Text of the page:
These are big questions, affecting the nature of the state, sovereignty and democracy. Mr Papandreou may have messed up his tactics, but he was right on one point. The changes needed to save the euro are so profound in nature that, sooner or later, they must have the explicit consent of the people—or they will fail.

Source.

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Monday Smorgasbord

I don’t have time to post these by themselves. They’ve been sitting in my “to do” pile for too long, but I find them all to be interesting reads. Read what interests you.

“How to Prevent a Depression” by Nouriel Roubini.

France imposes a “fat tax” on sugary soft drinks to combat obesity.

CNAS publication: “Hard Choices: Responsible Defense in an Age of Austerity,” by LtGen David Barno, Nora Bensahel, and Travis Sharp.

Megan McArdle: “By 2020, cases of throat cancer caused by the human papillomavirus may outnumber those of HPV-caused cervical cancer.”

Hitch on the killing of Anwar al-Awlaki.

Maurizio Viroli: Silvio Berlusconi and the moral malaise of Italy.

“The Value of Values: Soft Power Under Obama” Mark P. Lagon

A debate on whether too many students are in college. (My answer is yes.)

Cliff May, “Autocracies United: Why “reset” with Russia and “engagement” with Iran have failed”

A journalist on the argument for better football helmets, and an economist on the trade-off.

Lot of stuff going on here. Enjoy.

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Berlusconi and Germany’s Nightmare Scenario

As I wrote two days ago, Beslusconi is an embarrassment to Italy. Fareed Zakaria writes that he is also a nightmare for Germany, and by default (pun completely intended), the rest of the Eurozone.

A few weeks ago, we got a glimpse of Germany’s nightmare scenario: Markets began focusing on Italy and its debt became expensive. The European Central Bank intervened, buying Italian bonds, which lowered rates at which Rome could borrow. As soon as the situation stabilized, Italy’s prime minister, Silvio Berlusconi, began watering down his commitments to enact economic reforms.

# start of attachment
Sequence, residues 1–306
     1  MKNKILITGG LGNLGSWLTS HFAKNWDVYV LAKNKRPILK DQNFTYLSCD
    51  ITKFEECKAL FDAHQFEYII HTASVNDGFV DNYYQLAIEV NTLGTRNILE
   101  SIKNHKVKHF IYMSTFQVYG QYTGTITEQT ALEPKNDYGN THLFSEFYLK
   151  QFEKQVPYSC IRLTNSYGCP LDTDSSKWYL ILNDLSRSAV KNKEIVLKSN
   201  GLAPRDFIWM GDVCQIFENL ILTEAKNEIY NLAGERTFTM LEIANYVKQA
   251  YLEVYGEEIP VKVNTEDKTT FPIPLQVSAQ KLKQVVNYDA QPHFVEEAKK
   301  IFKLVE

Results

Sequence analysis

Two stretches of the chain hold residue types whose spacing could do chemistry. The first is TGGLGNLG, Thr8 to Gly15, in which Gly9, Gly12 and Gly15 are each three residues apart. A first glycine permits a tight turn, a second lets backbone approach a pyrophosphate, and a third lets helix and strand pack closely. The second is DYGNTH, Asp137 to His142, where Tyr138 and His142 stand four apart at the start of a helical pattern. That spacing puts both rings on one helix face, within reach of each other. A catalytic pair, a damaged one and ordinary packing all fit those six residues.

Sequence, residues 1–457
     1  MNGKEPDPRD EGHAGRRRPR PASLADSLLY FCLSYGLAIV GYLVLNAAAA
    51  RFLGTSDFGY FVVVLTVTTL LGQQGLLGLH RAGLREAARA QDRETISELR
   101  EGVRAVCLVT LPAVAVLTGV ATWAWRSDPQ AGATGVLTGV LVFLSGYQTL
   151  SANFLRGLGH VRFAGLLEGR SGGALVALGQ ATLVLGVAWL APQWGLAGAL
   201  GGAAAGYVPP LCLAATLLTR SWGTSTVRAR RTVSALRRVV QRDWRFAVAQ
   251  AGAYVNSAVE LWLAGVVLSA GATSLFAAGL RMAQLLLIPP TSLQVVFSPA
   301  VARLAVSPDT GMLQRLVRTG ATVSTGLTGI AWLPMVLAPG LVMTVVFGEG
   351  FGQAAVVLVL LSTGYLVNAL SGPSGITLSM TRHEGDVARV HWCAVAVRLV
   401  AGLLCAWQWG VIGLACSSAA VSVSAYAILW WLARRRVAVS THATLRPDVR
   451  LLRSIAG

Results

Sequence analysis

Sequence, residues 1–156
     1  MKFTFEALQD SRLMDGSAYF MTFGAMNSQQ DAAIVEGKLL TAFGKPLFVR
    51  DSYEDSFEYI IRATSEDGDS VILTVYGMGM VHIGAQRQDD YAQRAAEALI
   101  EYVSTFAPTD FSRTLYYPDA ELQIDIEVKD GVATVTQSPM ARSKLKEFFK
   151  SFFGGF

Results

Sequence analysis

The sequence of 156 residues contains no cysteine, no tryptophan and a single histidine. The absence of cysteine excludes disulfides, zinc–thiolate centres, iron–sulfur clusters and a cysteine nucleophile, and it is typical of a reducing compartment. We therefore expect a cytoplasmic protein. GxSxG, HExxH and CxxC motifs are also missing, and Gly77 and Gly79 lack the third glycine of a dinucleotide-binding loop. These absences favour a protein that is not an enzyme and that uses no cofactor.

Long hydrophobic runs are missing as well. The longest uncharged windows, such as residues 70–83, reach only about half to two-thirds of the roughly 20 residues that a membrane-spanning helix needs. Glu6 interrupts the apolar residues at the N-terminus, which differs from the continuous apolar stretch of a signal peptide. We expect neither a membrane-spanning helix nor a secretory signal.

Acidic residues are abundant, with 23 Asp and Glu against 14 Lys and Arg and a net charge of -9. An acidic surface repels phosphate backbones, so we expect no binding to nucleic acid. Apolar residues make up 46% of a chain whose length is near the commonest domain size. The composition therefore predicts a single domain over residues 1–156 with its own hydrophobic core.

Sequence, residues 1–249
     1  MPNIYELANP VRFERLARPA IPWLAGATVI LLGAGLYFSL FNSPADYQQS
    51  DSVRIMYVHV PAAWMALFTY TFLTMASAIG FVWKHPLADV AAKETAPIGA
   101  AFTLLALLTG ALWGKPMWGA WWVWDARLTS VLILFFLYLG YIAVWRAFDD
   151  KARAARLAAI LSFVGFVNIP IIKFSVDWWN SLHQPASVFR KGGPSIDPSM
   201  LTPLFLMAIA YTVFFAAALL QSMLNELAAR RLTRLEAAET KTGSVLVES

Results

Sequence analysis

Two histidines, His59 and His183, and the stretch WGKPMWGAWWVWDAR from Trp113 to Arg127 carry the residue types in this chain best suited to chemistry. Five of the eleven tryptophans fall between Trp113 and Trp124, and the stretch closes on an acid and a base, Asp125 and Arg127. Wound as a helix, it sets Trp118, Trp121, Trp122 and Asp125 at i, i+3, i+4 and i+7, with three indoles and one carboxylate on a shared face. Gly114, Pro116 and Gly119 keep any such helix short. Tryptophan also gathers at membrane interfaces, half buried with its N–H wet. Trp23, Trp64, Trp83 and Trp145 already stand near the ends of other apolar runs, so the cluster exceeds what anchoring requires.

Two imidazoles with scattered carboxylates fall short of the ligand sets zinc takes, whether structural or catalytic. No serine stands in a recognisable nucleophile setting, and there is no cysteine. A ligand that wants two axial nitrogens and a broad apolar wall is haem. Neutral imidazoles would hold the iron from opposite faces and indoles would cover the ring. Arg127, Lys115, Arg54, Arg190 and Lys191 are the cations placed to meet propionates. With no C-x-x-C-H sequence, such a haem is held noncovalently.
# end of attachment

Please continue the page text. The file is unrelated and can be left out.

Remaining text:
With such leadership, the future looks bleak for Europe.

Europe needs a crisis agenda to get out of its bind, but beyond that it needs a growth agenda, which involves radical reform. The fact is that Western economies — with high wages, generous middle-class and political subsidies, and complex regulations and taxes — have become sclerotic. Now they face pressures from three fronts: demography (an aging population), technology (which has allowed companies to do much more with fewer people) and globalization (which has allowed manufacturing and services to locate across the world). If Europe — and, for that matter, the United States — cannot adjust to this new landscape, it might escape this storm only to enter another.

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I Wouldn’t Call Them Dissidents

From the FT:

Silvio Berlusconi’s centre-right coalition survived a vote of confidence in parliament on Friday but its slim margin of victory left persistent doubts over its ability to govern effectively and raised expectations of elections in early 2012, a year ahead of schedule.

The alliance of Mr Berlusconi’s People of Liberty (PDL) party and the Northern League of Umberto Bossi escaped defeat by 316 votes to 301 in Italy’s lower house of parliament, which has a total of 630 deputies.

The government’s success in securing an absolute majority – by just one vote – will be seen as a boost for the 75-year-old prime minister who has led three centre-right administrations since 1994. But opposition parties took heart that his majority is eroding after four of his long-standing allies deserted the government.

Faced with the prospect of the coalition going under, which most likely would have led to them losing their jobs, “dissident” MPs within Mr Berlusconi’s faction-ridden party buckled under and voted in favour of the government.

Berlusconi continues to embarrass and weaken an already embarrassed and weak nation, at a time when solid leadership is needed. Italy’s chances of a reasonably quick and steady recovery are slim to begin with. They are doomed to more pain and misery without proper governance. Berlusconi may have won a confidence vote, but the Italians have nothing to be confident about. The worst is yet to come.